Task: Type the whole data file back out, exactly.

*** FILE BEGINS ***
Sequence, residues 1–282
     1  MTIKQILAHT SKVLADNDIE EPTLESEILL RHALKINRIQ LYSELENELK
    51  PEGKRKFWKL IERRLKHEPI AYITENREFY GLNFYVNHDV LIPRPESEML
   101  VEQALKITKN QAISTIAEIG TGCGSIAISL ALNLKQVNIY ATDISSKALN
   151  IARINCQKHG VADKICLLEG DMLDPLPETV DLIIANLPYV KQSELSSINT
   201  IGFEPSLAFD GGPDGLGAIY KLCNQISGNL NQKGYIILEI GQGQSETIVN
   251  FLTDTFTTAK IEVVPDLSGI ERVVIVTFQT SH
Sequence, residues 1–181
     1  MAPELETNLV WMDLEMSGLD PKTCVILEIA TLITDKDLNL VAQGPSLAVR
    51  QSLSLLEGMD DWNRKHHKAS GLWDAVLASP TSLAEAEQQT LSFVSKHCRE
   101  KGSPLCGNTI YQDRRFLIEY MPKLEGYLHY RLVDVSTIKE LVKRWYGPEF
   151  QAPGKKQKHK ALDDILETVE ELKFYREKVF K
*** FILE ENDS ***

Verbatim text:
Sequence, residues 1–282
     1  MTIKQILAHT SKVLADNDIE EPTLESEILL RHALKINRIQ LYSELENELK
    51  PEGKRKFWKL IERRLKHEPI AYITENREFY GLNFYVNHDV LIPRPESEML
   101  VEQALKITKN QAISTIAEIG TGCGSIAISL ALNLKQVNIY ATDISSKALN
   151  IARINCQKHG VADKICLLEG DMLDPLPETV DLIIANLPYV KQSELSSINT
   201  IGFEPSLAFD GGPDGLGAIY KLCNQISGNL NQKGYIILEI GQGQSETIVN
   251  FLTDTFTTAK IEVVPDLSGI ERVVIVTFQT SH
Sequence, residues 1–181
     1  MAPELETNLV WMDLEMSGLD PKTCVILEIA TLITDKDLNL VAQGPSLAVR
    51  QSLSLLEGMD DWNRKHHKAS GLWDAVLASP TSLAEAEQQT LSFVSKHCRE
   101  KGSPLCGNTI YQDRRFLIEY MPKLEGYLHY RLVDVSTIKE LVKRWYGPEF
   151  QAPGKKQKHK ALDDILETVE ELKFYREKVF K